Crocodile Blood: Could be the New Source for Antibiotics and HIV Cure.
Credit: The Science Times, Staff Reporter: Apr 21, 2019 06:49 AM EDT & Research at University Health Network
Research into the antibiotic and other medicinal properties of crocodiles is not new but given the development of drug tolerance bacteria and viruses and the waning effectiveness, the research seems to be getting some traction.
Biologists observing the behavior of wild crocodiles noticed that even though crocodiles often engaged in violent territorial behavior and damaging encounters with other animals, very few ever developed fatal infections from their injuries. Even spending most of their time in bacteria-infested swamp water did not seem to affect the healing process. Such natural resistance to bacterial infection is not rare in wild animals, but the blood of crocodiles seemed to be especially resistant.
Concentrated human serum and concentrated crocodile serum samples were each exposed to 23 strains of bacteria, including the one responsible for MRSA. The human blood serum managed to kill off 8 of the 23 bacteria cultures. The crocodiles' blood serum killed all 23 bacteria cultures, including MRSA. It also significantly reduced the overall level of HIV in a sample of infected human blood.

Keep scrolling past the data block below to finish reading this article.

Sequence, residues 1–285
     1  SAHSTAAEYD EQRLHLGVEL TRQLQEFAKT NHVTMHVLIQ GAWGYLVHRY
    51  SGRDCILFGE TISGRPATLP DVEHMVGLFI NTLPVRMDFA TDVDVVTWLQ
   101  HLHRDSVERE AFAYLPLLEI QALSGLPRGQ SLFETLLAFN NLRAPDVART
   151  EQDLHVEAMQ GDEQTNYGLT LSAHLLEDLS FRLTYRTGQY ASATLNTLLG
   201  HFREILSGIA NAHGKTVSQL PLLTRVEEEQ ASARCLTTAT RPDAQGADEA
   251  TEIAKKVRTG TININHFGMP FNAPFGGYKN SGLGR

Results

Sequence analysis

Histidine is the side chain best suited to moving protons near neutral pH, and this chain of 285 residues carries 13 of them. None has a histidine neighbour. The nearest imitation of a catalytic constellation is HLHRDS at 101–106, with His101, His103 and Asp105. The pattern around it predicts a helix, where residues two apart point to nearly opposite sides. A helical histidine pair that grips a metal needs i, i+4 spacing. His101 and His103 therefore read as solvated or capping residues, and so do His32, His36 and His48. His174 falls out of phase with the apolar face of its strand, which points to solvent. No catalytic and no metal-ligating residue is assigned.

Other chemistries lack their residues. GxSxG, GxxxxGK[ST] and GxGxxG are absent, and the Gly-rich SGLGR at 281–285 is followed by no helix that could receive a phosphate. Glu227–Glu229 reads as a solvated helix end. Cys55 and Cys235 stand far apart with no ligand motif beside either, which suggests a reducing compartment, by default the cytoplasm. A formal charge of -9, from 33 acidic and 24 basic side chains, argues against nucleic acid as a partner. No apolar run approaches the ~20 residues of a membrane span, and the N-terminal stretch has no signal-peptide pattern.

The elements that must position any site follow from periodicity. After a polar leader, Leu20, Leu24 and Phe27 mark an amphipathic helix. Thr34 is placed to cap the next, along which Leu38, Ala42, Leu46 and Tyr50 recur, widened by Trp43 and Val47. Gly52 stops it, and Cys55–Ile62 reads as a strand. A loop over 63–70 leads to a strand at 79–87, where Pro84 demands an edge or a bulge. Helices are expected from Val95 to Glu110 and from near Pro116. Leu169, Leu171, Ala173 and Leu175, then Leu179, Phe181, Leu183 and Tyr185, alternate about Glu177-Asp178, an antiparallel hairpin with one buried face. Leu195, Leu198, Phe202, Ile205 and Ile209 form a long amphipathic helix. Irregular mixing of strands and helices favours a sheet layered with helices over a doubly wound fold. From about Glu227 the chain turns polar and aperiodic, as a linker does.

Because of the promising results of these tests, scientists have started to synthesize the chemical structure of the crocodile blood peptides. One identified the first Crocodylus siamensis cathelicidin gene and RN15 peptide derived from the cathelin domain to exhibit antibacterial activity (Tankrathok et. al 2019), and yet the most promising result is that of a study conducted by Dr. Donald Branch (Toronto General Hospital Research Institute; TGHRI Affiliate Scientist and Princess Margaret Cancer Centre; PM CCRU Researcher) and Stephen McCarthy (University of Toronto). Their research team infected human cells with HIV in the presence of crocodile blood and found that the blood suppressed HIV infection.